Still no response. And it didn’t make sense because the number on the roll didn’t tally with the number of students in the class. Chloe had to be here and not responding to her name being called, for some reason. The teacher then went down to the only child who hadn’t responded to the roll call and asked, “Chloe? Why didn’t you answer when I called your name?”, to which the child answered, “but that is not my name”.
Pointing to the name on the roll, the teacher asked again, “this is your name isn’t it?”
The child then very innocently replied, “yes, but my father and mother call me ‘Chelo’.”
That and other tales of parents naming their kids Anglo-Celtic-Judaic-European names and then mispronouncing them were exchanged by troopers waiting for our last parade to assemble last Saturday. There was also the story of how people were late for a ‘Jeremy’s‘ birthday party because the banner at the party venue read ‘Happy Birthday Jerome’. It took a while but it was finally explained by the birthday boy that he was named ‘Jerome’, but that his parents pronounce it as ‘Jer-o-me’, and that’s what he has always answered to.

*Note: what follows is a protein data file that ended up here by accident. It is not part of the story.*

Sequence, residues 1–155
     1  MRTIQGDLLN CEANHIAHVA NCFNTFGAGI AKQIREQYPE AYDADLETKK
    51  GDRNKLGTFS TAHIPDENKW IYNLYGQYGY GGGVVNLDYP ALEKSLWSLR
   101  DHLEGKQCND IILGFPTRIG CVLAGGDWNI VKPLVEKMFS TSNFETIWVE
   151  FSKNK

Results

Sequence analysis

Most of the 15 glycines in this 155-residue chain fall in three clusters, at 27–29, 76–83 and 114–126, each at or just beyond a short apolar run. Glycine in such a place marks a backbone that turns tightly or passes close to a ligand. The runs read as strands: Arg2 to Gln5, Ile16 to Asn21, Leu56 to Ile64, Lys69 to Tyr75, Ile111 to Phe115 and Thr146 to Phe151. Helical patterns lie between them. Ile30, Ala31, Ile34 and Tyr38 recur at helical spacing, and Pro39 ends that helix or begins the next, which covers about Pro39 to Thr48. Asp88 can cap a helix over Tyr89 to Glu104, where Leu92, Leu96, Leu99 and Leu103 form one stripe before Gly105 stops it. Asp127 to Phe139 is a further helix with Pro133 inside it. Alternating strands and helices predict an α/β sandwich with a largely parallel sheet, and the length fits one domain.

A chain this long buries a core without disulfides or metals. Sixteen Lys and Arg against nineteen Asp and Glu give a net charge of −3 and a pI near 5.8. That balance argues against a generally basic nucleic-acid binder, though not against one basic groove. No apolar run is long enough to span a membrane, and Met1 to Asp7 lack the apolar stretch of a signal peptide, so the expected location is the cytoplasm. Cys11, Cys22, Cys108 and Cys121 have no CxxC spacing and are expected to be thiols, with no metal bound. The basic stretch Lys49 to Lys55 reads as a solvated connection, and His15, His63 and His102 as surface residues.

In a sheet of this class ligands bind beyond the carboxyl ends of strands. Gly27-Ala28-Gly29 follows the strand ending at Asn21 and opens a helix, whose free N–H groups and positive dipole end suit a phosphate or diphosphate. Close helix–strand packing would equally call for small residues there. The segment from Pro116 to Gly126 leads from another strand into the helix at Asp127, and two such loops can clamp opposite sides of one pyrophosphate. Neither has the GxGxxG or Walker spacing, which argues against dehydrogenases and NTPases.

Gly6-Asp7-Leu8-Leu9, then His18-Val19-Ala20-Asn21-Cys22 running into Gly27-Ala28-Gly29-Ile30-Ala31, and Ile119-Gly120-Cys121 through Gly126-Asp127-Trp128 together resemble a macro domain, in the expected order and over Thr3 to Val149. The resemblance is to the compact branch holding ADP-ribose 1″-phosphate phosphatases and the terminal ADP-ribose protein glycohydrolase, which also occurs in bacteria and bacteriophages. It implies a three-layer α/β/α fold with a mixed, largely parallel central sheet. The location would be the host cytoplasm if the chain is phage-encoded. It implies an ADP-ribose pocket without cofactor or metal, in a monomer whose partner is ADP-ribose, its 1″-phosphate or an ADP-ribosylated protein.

It’s not dyslexia, obviously. Any other non-European, non-Roman alphabet-using ethnic group would have difficulty even approximating the correct pronunciation of their given names, and Mandarin pinyinisation has simply given Chinese in this country names just as foreign-sounding. Add to that parents who embrace the use of names from other than their own ethnic origin, and you’ll get instances of kids telling their teachers, “my name is Penelope and it rhymes with antelope”.